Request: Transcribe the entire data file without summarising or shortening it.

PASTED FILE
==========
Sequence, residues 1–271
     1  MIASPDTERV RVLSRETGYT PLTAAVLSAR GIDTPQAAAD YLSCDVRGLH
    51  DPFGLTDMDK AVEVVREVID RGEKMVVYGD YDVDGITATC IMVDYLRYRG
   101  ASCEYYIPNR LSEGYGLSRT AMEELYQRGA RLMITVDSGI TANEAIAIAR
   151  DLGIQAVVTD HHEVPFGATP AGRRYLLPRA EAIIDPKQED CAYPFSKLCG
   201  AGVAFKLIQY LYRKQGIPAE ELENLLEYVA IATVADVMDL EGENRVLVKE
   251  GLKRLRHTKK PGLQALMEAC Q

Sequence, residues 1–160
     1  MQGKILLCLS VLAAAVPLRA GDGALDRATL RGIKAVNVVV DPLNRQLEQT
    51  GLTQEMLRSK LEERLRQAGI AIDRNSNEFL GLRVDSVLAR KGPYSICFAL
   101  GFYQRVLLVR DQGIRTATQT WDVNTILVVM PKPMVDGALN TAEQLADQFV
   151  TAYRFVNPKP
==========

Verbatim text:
Sequence, residues 1–271
     1  MIASPDTERV RVLSRETGYT PLTAAVLSAR GIDTPQAAAD YLSCDVRGLH
    51  DPFGLTDMDK AVEVVREVID RGEKMVVYGD YDVDGITATC IMVDYLRYRG
   101  ASCEYYIPNR LSEGYGLSRT AMEELYQRGA RLMITVDSGI TANEAIAIAR
   151  DLGIQAVVTD HHEVPFGATP AGRRYLLPRA EAIIDPKQED CAYPFSKLCG
   201  AGVAFKLIQY LYRKQGIPAE ELENLLEYVA IATVADVMDL EGENRVLVKE
   251  GLKRLRHTKK PGLQALMEAC Q

Sequence, residues 1–160
     1  MQGKILLCLS VLAAAVPLRA GDGALDRATL RGIKAVNVVV DPLNRQLEQT
    51  GLTQEMLRSK LEERLRQAGI AIDRNSNEFL GLRVDSVLAR KGPYSICFAL
   101  GFYQRVLLVR DQGIRTATQT WDVNTILVVM PKPMVDGALN TAEQLADQFV
   151  TAYRFVNPKP